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If today we're not Sunday we would be celebrating the feast of Pope Saint Pius V. Now most traditional Catholics associate Saint Pius' name with the Tridentine revision of the Holy Mass and the missal he decreed “in perpetuity” for the Roman Rite. But as important as that was, there are many more things we should acknowledge about this great Saint.
Pius was born Antonio Ghislieri In 1504 to noble parents. He was educated by the Dominicans, and joined that Order in1518, taking the name Michele, and becoming a priest in 1528. He lived a life of very notable piety, denying himself the few creature comforts the monastery had to offer. He often walked—sometimes barefoot and without a cloak—instead of going on horseback. Even as Pope, he would be remembered for meditating before the Blessed Sacrament twice a day. He ate little, carefully observing the Order's rules for fasting and abstinence. He was faithful in offering Mass, preaching, and hearing Confessions. He was insistent that his Dominican brethren, likewise observe the rule of the Order. His preaching and his teaching were well known as an orthodox counterbalance to the heresies of the times. Indeed, he would become an important force in the counter-reformation.
In 1556 he was made Bishop of the diocese of Sutri. The following year he was made a Cardinal and appointed Inquisitor General at Rome. In addition to doctrinal concerns, the Inquisitor was concerned with the behavior of the clergy. In an era when too many aristocrats thought of a diocese, an abbey, or a parish as little more than a revenue stream that could be maintained by a paid substitute, the Inquisitor insisted that bishops, abbots, and priests personally provide the pastoral care associated with their benefice—they were supposed to live in, and care for the people within their territory. He also opposed the vice of nepotism—the idea that bishops could appoint close relatives to rich benefices, even if the relative was utterly unqualified. He drew the wrath of his predecessor, Pius IV, who wanted to appoint a thirteen year old nephew to the College of Cardinals. In like manner, he drew the wrath of the German Emperor, Maximillian II, when the latter sought to abolish the celibacy of the clergy in his domain. Later, as Pope, he decreed the death penalty for unrepentant clergy who abused their subjects (and each other). Pope Francis would do well to recognize that this problem and its solution were acknowledged a few centuries ago. Removed as Inquisitor for challenging Pius IV’s nepotism, Ghislieri was elected Pope in his own right (January 1566), and took the name of Pius V.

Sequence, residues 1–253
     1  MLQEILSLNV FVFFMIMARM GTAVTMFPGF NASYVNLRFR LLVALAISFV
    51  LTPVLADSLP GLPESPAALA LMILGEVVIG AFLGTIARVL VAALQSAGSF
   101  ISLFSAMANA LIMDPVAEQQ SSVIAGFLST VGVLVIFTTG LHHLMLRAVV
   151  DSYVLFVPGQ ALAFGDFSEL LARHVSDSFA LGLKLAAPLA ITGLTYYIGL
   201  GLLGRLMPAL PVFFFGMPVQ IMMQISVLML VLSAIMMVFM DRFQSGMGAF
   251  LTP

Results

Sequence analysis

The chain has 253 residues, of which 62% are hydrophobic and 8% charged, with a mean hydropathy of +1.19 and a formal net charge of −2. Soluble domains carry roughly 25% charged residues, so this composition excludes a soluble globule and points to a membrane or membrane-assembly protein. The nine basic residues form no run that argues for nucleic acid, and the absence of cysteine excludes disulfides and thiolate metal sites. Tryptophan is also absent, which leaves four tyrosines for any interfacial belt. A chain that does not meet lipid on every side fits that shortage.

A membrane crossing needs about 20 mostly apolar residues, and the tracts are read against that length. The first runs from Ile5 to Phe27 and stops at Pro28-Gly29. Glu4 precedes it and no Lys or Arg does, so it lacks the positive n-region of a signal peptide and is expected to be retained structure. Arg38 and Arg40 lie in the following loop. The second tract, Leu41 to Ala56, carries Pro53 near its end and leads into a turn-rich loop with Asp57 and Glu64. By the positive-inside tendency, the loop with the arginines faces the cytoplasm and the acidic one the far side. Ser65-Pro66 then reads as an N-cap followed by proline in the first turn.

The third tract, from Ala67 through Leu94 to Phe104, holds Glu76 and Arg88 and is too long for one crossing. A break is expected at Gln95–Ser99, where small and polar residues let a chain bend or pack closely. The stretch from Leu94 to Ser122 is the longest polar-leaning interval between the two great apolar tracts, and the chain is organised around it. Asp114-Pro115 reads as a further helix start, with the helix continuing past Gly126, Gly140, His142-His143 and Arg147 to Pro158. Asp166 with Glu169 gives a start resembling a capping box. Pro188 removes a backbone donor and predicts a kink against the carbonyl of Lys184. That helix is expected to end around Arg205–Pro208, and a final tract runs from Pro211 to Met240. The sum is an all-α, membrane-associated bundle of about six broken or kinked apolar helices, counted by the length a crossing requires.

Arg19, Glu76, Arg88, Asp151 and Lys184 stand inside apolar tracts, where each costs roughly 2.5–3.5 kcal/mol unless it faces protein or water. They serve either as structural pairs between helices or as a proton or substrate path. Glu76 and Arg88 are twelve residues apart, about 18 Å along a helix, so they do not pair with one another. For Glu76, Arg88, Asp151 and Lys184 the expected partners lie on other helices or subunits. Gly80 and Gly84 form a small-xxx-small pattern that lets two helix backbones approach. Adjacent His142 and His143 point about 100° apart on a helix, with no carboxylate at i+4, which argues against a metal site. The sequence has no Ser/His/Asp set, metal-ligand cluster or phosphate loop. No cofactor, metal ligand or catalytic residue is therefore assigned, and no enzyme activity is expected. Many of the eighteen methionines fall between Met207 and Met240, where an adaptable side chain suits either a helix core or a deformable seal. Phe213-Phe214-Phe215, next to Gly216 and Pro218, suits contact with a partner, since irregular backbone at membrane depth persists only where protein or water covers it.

As a Cardinal, he had participated in the Council of Trent, and as pope he fulfilled the Council’s edicts to provide a uniform rite for the Mass (1570) and Divine Office (1568), and an official Catechism (1566). The missal was to be used forever; by any institution not having its own rite is use for two hundred years or more,
Protestantism proved to be a political revolution in addition to its religious rupture. The countries of Europe were no longer united by a common Catholic Faith. This became critically important with the resurgence of Islamic naval activity in the Mediterranean. To meet this threat, Pope Pius recruited the remaining Catholic sovereigns into a "Holy League,” which included the Papal States, the Knights of Malta, Habsburg Spain and the maritime powers of Italy. The League was commanded by Don Juan of Austria, and have a combined “force of 200 galleys, 100 other ships, 50,000 infantry, 4,500 cavalry and adequate artillery.”
The victory in the Battle of Lepanto—fought under the patronage of Our Lady of the Rosary—secured the western Mediterranean against Moslem raiders. The battle was fought on 7 October 1571, which led to the establishment of the feast of Our Lady of Victories (later Our Lady of the Rosary) on the first Sunday of each October.
Pope Pius died the following year (1 May 1572) at the age of 68. He was beatified precisely one hundred years later, and canonized about forty years thereafter on 22 May 1712, by Pope Clement XI. One hundred and forty years was not an unusually long period for canonization in that era. The Church followed a rigorous process to insure the holiness and devotion to duty of Its saints. We are justly proud to be associated with this great and holy Pope, by virtue of the Holy Rosary and the Holy Sacrifice of the Mass.
 Bull Quo primum tempore (1570) http://caer-glow.rosarychurch.net/quo_primum_tempore.html